BEETHOVEN: Symphony No. 9 in d – Anna Tomowa-Sintow, sop./ Agnes Baltsa, contralto/ Peter Schreier, tenor/ Jose van Dam, bass/Vienna Singverein/ Berlin Philharmonic Orch./ Herbert von Karajan (1977) – DGG 479 1083 Pure Audio Blu-ray stereo-only (PCM 2.0, DTS MA HD 2.0, Dolby TrueHD, 24-bit/96 kHz), 67:14 [Distr. by Universal] ***1/2:
I am referring everyone who reads these new DGG Blu-ray Pure Audio reviews to my review of the Kleiber Beethoven Symphonies 5 & 7 reissue for comments and details on this series in general.
This is the 1977 fourth recording of Beethoven’s Ninth which Karajan recorded, the first a mono effort from 1947 with Vienna, the second from the fifties using the Philharmonia Orchestra, the third from 1963 with these Berliners, this one, and the last with the Vienna Philharmonic right before his death. The third and fourth efforts have long been argued over by fans as to which is the greatest set ever. To my mind the 1963 wins hands-down, and is comparable with Bernstein’s Vienna DGG set. But there is something special about the 1963—lean, muscular, anxious, and brilliantly executed. Yet I do see why some prefer the 1977, more relaxed and free-flowing, though the Ninth is certainly not as well sung, though it is sung well. And the rest of the symphonies are not as competitive as the 1963.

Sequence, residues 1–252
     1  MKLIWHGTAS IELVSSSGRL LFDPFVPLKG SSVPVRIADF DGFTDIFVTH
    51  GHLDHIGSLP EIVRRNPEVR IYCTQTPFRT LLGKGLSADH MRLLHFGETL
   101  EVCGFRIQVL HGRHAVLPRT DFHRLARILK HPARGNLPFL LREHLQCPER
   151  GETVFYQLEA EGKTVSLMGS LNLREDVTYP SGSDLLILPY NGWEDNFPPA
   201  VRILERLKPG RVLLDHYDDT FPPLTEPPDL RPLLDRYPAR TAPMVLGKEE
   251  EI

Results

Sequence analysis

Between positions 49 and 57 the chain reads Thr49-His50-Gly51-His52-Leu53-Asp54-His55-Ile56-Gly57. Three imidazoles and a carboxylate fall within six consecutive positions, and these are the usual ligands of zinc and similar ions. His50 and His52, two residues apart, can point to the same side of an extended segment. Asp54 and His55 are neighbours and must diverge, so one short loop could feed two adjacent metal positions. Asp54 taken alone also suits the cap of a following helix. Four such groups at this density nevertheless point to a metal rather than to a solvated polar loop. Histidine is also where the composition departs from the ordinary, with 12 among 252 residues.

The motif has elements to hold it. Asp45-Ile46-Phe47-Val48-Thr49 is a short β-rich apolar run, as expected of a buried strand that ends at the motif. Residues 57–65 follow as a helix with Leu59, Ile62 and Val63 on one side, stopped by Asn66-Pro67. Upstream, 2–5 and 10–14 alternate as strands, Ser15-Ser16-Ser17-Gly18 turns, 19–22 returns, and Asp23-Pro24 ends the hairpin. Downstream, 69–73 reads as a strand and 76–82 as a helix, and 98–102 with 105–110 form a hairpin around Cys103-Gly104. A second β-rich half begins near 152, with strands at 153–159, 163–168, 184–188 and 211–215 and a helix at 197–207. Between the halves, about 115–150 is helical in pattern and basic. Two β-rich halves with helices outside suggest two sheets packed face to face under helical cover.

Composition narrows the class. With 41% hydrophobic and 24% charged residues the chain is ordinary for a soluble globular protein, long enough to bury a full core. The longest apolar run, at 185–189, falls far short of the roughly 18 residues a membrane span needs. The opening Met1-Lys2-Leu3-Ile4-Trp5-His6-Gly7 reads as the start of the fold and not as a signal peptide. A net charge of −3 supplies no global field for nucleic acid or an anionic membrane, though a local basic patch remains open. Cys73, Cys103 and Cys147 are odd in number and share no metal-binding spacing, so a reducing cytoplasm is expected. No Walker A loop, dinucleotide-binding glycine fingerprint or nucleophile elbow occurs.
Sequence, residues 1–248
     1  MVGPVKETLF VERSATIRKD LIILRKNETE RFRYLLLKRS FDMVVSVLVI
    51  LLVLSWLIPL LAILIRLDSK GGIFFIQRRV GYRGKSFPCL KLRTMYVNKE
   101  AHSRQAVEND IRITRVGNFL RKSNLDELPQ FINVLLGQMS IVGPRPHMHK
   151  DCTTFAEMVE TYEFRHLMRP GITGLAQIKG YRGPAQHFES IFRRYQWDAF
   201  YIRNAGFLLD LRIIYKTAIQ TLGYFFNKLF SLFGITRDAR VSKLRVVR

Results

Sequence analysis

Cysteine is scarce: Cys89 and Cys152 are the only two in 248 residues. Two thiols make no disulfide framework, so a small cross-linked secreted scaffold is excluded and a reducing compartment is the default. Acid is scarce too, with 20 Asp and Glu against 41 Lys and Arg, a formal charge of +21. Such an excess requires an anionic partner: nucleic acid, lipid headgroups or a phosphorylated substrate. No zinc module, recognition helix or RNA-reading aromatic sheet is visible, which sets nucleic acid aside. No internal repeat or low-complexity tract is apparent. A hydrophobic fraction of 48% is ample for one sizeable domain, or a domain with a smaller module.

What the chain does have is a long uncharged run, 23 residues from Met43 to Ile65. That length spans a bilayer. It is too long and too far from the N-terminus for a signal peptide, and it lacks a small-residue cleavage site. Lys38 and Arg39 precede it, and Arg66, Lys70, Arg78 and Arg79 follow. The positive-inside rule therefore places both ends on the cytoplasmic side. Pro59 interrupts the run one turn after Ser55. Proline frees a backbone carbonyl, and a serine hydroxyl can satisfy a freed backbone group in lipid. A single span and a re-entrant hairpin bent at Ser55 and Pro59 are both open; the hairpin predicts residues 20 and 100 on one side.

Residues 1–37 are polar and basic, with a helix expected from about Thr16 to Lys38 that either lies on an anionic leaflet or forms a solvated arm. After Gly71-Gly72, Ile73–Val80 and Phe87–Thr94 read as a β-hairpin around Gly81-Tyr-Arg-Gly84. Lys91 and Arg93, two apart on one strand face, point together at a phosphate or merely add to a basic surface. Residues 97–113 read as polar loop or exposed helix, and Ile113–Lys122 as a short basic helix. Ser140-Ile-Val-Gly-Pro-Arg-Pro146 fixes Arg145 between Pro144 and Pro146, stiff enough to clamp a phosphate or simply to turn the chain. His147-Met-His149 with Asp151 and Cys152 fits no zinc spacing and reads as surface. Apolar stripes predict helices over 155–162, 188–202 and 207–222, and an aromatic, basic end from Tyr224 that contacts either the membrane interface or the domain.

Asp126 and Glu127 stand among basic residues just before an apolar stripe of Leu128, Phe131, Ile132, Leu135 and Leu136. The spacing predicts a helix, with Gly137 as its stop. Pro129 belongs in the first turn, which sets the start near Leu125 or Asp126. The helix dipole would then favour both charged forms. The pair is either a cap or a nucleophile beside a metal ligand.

To complicate matters, this 1977 recording has also been released on SACD, and in surround sound to boot! So why in the world is DGG letting this out yet again with no significant boost in quality to the consumer? The only thing I can figure is that they are trying to penetrate the Blu-ray market, and take advantage perhaps of those music lovers not as astute as to what is going on as the people that read this website. I don’t have the 1977 SACD, but I do have the entire set from 1963 on SACD, and I compared the two. Besides being a superior performance as far as I am concerned, the 1963 two-channel SACD issue leaves this two-channel Blu-ray in the dust. Many will still argue the merits of each of these recordings; but you can’t argue the comparison of sound between them, the Blu-ray even sounding a little cramped when contrasted with the 1963. I don’t know for sure but can’t help but believe that the surround sound 1977 SACD has to be better than this two-channel effort; and guess what? It’s still around for only $10. You heard me right—but act quickly, as I have a feeling DGG we be pulling it fast if it hasn’t happened already. I applaud the company’s new-found commitment to high-quality audio; but for goodness sake, give us the real thing! If you are going to take the trouble to repackage this classic, do it the way you did before; at least offer it in surround sound before calling it “High Fidelity Pure Audio”—that’s not the whole story. [And it’s the wrong story – “high fidelity” on an LP was once a giveaway that it was mono as opposed to stereo…Ed.]